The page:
MILAN — The Slovak Ministry of Defense has awarded contract to local ammunition giant ZVS Holding for the production of 155mm artillery shells for the Zuzana 2 self-propelled howitzers, one of the largest orders placed since the election of a new government last year.

The contract was allocated in the absence of a competition, as indicated by a notice last week by the Tenders Electronic Daily website, an online repository of European public procurements.

The amount of shells was not disclosed, but the order has an estimated value of 122,2 million euros ($132,1 million).

ZVS Holding is jointly owned by the state and MSM Group, and is one of the oldest ammunition producers within the country. A recent report published by the Center for European Policy Analysis, a U.S.-based think tank, found that ahead of the Russian invasion of Ukraine, the Slovak manufacturer was producing at 60% of its full capacity.

Today, having secured a considerable number of contracts, the firm has maxed out its list of orders until 2025, according to the report. Additional investments nearing 50 million euros ($54 million) are in the pipeline to increase output.

The 155mm ammunition requested by the Slovak MoD is destined for the Zuzana 2, a self-propelled howitzer domestically produced by Konštrukta. Bratislava has provided over a dozen of these vehicles to Ukraine since the start of the war.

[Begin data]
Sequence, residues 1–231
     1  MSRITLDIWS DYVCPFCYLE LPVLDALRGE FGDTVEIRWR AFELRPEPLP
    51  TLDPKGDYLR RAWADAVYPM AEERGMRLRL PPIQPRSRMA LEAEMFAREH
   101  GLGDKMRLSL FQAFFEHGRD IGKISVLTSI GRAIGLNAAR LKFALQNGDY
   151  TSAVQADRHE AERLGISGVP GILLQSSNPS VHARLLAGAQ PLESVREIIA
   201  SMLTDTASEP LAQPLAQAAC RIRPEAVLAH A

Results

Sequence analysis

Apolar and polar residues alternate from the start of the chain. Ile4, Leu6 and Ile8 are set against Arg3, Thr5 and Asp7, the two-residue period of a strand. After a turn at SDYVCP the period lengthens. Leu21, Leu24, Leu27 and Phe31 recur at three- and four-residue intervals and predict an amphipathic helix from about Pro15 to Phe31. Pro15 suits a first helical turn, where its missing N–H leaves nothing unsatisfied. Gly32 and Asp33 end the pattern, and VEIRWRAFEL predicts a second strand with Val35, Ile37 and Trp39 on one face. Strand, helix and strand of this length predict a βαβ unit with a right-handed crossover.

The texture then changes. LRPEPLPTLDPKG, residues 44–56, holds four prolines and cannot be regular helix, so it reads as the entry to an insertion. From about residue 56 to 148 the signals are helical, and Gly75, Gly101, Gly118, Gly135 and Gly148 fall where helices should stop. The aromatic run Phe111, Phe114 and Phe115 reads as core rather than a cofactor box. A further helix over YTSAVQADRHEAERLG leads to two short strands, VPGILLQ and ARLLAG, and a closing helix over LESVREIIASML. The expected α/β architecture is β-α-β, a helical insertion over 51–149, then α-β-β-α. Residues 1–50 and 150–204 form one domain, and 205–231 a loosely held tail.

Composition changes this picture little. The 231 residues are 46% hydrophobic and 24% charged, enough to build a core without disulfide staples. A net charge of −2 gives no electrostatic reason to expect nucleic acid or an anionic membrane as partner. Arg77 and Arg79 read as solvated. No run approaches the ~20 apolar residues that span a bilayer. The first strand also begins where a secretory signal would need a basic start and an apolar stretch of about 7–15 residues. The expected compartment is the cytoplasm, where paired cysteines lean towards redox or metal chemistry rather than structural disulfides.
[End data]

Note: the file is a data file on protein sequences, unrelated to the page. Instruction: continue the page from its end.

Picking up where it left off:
In 2022, the Slovak manufacturer saw its profits increase ten-fold, as highlighted by the CEPA report. As of this month, it is said to be able to produce 20 of these artillery systems annually.

In September, the company unveiled its latest development, the BIA, a 155mm autonomous self-propelled artillery system equipped with automatic ammunition loading.

Local observers have been watching closely whether the new government of Prime Minister Robert Fico will recalibrate its assistance – civilian and military – to Ukraine. Despite the politician’s harsh pre-election narrative of “not a single round” for Ukraine, his flagship electoral slogan, he appears to have somewhat toned down his anti-aid rhetoric.

On Jan. 24, he held a meeting with his Ukrainian counterpart Denys Shmyhal, during which he announced a humanitarian aid package worth several hundred thousand dollars as well as the delivery of Božena mine-clearing vehicles to Kyiv. He also pledged to send eight ambulances to the embattled country.

Fico also declared that he would vote in favor of the European Union’s Ukraine Facility initiative, seeking to promote the reconstruction of the country, at the European Council’s summit this week.

Elisabeth Gosselin-Malo is a Europe correspondent for Defense News. She covers a wide range of topics related to military procurement and international security, and specializes in reporting on the aviation sector. She is based in Milan, Italy.

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